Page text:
Separating couples: I won't see you in court!
As the financial and emotional cost of marriage breakdown spirals, separating couples are embracing a new legal option, where they happily say . . .
Separation or divorce is a frightening enough experience without having to contend with the daunting prospect of entering an austere courthouse or addressing a judge.
Then there's the cost. An Irish divorce will cost you anything from €5,000 to €20,000 in the Circuit Court, and this figure could top €60,000 or €70,000 in just a few days if it ends up before a High Court judge.
The incidence of divorce jumped a whopping 70pc from 35,000 to 59,500, between 2002 and 2006. But it may well be slowing down a bit now, due to the recession.
With such huge drops in property prices, it's no wonder that many people are opting to 'stick it out'. As a result, many people are doing untold damage to themselves by feeling they have no option but to stay in a bad relationship.
But now Irish couples who have decided that their relationship has irretrievably broken down have a new option: collaborative law.
The concept, which is now two decades old in America, is beginning to garner huge support in Ireland and there are now over 600 Irish lawyers trained in the concept.
The premise is that couples bring their fears and concerns to a roundtable discussion, each with their own lawyer present, and discuss their options with a view to arriving at agreement before the case comes to court.
When a deal has been reached, the lawyers can go to the court to get the final seal of approval from the judge, so in many cases the applicants never have to enter the courthouse at all.
"It's a concept whose time has come," says Naas-based solicitor Eoin O'Connor, who is at pains to point out that it is not a 'quick fix' or a 'recession divorce', but in most cases, the process takes a lot less time, and so costs don't mount up quite so much.
Eoin recalls one recent case which took just two five-hour meetings between both parties to hammer out the agreement.
Although the process took 10 hours in total, and was eventually signed at 10.30pm on a Friday night, it was agreed in a matter of weeks rather than months -- the latter being the norm if the parties decide to opt for the adversarial system, via the courts.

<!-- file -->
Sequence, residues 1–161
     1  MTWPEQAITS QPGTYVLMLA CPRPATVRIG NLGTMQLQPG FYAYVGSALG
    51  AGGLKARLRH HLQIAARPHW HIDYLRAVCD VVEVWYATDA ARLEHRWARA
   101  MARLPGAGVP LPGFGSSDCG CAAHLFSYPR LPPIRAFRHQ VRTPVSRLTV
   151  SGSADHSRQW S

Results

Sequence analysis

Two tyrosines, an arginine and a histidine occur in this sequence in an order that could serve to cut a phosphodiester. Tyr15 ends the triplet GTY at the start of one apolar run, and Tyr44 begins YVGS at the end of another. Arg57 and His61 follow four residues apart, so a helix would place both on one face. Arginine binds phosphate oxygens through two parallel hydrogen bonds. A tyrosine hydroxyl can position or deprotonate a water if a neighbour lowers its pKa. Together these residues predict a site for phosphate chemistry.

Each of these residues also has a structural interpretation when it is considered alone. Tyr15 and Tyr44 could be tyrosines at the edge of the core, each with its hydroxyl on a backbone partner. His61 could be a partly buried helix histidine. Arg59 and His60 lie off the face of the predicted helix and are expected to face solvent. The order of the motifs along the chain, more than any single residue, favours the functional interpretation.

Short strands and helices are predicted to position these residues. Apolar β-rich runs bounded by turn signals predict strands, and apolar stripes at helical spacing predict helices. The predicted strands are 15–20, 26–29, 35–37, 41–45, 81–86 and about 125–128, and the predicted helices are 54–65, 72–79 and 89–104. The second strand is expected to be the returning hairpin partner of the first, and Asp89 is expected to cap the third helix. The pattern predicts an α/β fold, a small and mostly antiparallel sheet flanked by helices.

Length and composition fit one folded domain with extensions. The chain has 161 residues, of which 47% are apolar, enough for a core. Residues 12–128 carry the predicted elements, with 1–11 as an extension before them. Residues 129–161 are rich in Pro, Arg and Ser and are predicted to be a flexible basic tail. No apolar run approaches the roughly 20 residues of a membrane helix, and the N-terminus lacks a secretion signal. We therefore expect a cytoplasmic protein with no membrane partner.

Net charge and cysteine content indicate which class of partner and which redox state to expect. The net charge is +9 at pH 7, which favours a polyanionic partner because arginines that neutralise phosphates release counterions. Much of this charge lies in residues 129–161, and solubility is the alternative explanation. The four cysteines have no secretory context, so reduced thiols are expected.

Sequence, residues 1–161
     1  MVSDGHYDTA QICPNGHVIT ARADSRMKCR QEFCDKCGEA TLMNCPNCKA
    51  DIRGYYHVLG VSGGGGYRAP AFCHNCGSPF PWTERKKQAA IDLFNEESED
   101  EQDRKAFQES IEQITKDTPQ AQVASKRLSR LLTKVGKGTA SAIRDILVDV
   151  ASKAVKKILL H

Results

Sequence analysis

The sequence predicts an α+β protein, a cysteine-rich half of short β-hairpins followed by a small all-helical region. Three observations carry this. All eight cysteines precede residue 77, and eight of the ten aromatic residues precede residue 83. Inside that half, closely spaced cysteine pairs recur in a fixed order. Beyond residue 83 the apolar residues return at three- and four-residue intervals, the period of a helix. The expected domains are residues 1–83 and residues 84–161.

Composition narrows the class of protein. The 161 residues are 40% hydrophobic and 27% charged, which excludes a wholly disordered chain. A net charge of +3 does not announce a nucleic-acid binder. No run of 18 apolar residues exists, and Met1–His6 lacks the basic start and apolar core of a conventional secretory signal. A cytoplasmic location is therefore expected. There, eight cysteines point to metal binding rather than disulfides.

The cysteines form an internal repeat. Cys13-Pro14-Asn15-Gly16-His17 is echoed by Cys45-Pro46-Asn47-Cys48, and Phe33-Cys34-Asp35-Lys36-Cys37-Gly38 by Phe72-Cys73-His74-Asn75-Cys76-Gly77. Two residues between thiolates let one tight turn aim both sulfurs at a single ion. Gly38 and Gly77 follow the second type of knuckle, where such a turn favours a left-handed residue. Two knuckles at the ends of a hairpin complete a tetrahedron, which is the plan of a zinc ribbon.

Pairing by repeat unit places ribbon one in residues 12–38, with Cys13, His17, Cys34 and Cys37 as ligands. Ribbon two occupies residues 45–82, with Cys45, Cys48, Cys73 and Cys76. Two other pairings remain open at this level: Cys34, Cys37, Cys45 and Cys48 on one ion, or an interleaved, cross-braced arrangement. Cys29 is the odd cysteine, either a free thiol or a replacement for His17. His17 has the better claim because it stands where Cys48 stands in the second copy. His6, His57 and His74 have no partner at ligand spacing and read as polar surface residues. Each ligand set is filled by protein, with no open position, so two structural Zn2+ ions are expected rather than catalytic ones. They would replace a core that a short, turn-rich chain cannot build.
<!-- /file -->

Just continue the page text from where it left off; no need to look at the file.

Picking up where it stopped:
"It's not for everyone," says solicitor Helen Coughlan from Newbridge, who is also part of the Collaborative Family Law group operating in Kildare and West Wicklow, which is being launched today by President of the Law Reform Commission, Mrs Justice Catherine McGuinness.
"Sometimes you will meet someone who is just determined to have their day in court, and you will know immediately that collaborative law is not for them. But when people realise it doesn't have to be knives at dawn, it might be the option for them."
The process, which was started by American lawyer Stu Webb in 1990, came about because Webb felt there had to be a better way to sort out relationship breakdown than the current judicial system, which is intimidating for most people.
The concept was then picked up by a group of lawyers in Cork, and now solicitors throughout the country are recognising the demand for this civilised way of sorting out the messy business of separation and divorce.
The solicitors behind the concept are very keen to ensure that the process retains its integrity at all times, and that it represents a beneficial alternative for couples in trouble.
The non-confrontational element of the process is obvious, even down to the setting for meetings. It's all about creating the best possible atmosphere for resolving disputes, says Helen.
"The round table is essential to the discussion. There are no corners here, and everyone is treated equally," agrees Eoin, speaking from his specially designed office in Naas.
"I have no legal books in here, no phone, no computer, to make sure everyone is at ease from the minute they come in, and that there are no distractions."
Both lawyers admit that they get great personal and job satisfaction from seeing couples leaving the meeting without that bitterness and fear that is so often present after court dates.
"Both solicitors also have to trust each other," says Helen Coughlan. "You will of course represent your own client, but you will look at the whole situation too."
She points out that while 99pc of settlements are reached on the 'court steps', the relationship's problems don't end there. With collaborative law, everyone gets to voice their own fears and opinions.
The lawyers are also battling against the concept of divorce being seen as a financial black hole, due to the costs of cases.
Some break-ups are so antagonistic that they find their way to the High Court, which can involve crippling costs.
"We are not saying that collaborative law is a cheap option, but it usually takes weeks rather than months or years, and therefore it represents very good value for money," says Eoin.
"If the collaborative process fails, we cannot then take that same case into court, so there is a huge incentive on the solicitor to come to an agreement," Helen points out.
Where there are children or huge financial commitments involved, the solicitors can also advise on getting the assistance of subsidiary services, like counselling or accountancy services.
"There is huge potential for this type of law," Eoin says, but admits that so far the process hasn't extended beyond relationship breakdown, but he can see its use in settling all sorts of disputes, from arguments over land to business difficulties.
For now, the Irish lawyers are happy to concentrate on drumming up support for the use of collaborative law within relationship disputes.
"I have no doubt this idea will grow and grow," says Eoin.
To find out more about the process, or to locate a solicitor in your area trained in Collaborative Law, go to www.acp.ie, the website of the Association of Collaborative Practitioners in Ireland.